Luke McFadden ('14) Sells Everything to Serve Trafficked Girls in Cambodia
When Luke McFadden considers the plight of innocents mired in the human trafficking industry, his personal “sacrifices” don’t compare. “It is totally worth it for us to sell everything, drive what feels like a billion miles across the country, and have very uncomfortable experiences,” says McFadden, a 2014 Portland Seminary graduate who earned a master’s degree in spiritual formation. “You realize it’s nothing compared to what [trafficked girls] are going through.”
McFadden and his wife, Lindsay, along with their three children, are finishing fundraising before moving to Cambodia to join Rapha House, a nonprofit committed to ending human trafficking. The McFaddens plan to serve wherever their gifts are needed, but anticipate helping formerly trafficked girls transition into a sustainable life of freedom rooted in spiritual formation.
While serving as a youth pastor in the Eugene, Ore., area and working on his degree, McFadden visited Cambodia for the first time in 2012 to scout out a ministry trip for his youth group students.
The community atmosphere of his George Fox cohort helped him process the idea of becoming a missionary to Cambodia. “People at Fox allowed room for freedom of conversation. Class was secondary to the community that Fox created,” McFadden said.
As plans were being made to take the youth group to Cambodia in the summer of 2012, McFadden learned he had cancer for the second time and was unable to lead the trip. He continued with the spiritual formation program while undergoing chemotherapy and recovering from surgery for six months. “My cohort and the classes I was taking were completely helpful in processing, not just cancer, but the idea of Cambodia.”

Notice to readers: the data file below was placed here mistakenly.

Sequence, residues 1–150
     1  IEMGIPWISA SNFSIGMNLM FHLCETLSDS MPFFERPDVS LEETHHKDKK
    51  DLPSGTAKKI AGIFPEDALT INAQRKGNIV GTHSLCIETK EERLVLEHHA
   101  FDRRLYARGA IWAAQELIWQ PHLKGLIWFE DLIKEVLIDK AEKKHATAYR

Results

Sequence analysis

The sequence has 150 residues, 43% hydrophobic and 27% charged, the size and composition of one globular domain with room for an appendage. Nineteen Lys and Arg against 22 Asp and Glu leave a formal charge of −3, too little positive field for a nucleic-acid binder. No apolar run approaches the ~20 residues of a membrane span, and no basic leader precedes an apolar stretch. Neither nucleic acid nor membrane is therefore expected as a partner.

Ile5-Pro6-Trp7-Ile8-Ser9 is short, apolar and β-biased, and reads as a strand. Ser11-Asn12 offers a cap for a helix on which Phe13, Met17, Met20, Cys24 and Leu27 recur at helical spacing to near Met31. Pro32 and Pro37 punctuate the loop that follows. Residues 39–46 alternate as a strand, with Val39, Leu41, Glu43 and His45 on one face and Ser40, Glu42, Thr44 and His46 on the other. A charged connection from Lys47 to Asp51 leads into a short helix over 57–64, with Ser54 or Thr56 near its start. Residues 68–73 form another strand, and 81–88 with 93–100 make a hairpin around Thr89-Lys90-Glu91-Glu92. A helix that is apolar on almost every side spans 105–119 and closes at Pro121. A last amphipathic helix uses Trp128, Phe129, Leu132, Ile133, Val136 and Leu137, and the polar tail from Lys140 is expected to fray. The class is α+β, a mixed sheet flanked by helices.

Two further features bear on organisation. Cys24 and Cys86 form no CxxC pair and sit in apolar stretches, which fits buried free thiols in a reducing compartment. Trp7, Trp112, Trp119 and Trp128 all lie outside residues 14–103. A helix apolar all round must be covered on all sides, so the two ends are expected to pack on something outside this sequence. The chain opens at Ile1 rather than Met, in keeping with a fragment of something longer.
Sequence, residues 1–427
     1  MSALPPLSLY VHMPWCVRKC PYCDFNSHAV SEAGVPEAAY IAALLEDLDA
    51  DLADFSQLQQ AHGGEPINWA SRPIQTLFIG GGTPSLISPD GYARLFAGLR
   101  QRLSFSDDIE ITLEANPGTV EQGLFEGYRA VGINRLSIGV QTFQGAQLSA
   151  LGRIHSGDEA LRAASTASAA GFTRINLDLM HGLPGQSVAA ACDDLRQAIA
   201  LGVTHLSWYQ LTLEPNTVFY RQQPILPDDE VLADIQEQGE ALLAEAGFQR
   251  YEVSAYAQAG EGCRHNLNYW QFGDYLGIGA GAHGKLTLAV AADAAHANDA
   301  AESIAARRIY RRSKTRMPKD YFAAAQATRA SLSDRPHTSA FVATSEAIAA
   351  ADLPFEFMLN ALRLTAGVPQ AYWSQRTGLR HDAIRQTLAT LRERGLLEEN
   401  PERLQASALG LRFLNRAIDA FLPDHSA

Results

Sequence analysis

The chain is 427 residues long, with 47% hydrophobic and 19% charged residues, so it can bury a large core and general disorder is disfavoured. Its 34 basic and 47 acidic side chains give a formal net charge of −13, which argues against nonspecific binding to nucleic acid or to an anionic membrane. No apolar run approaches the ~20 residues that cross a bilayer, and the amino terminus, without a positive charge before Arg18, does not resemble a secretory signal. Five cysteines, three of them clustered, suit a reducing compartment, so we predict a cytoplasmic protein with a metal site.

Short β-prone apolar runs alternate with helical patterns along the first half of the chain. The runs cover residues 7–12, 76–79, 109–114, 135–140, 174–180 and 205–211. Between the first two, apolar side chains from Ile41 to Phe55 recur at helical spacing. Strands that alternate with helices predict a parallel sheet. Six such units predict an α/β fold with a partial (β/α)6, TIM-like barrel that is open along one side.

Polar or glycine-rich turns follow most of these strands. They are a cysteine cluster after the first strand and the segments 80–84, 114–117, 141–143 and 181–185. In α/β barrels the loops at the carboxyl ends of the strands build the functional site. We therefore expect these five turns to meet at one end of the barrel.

Once free of cancer, Luke and his wife devoted time and energy seeking clarity regarding Cambodia. “A lot of the professors at Fox and classes were rooted in justice for the oppressed and loving others,” McFadden said. “‘Spirituality and Social Justice’ was a powerful class that allowed me to think about the issue of human trafficking and child sexual exploitation and how that meshes with my ministry experience.”
During another visit to Cambodia in March 2014 for their 10th anniversary, the McFaddens met with people from Rapha House and other families with young children and saw as much of the country as they could. “There were no glaring red flags, so we took time to pray and think about it. Within a month we had decided to do this thing,” McFadden said.
Once in Cambodia, the McFaddens also hope to assist the local church in leadership development and spiritual formation. “Since only around 1 percent of the population is Christian, it gets watered down in areas,” McFadden said. “At George Fox we learned to look at the church and its traditions and evaluate what we do and why we do it. We plan to apply it somewhere else by asking, ‘How do you not get rid of important cultural elements, but bring Jesus into the picture?’”
For more information about Rapha House, the McFaddens, and to join their support team, visit enterlife.net.
-- Kelly McGuffie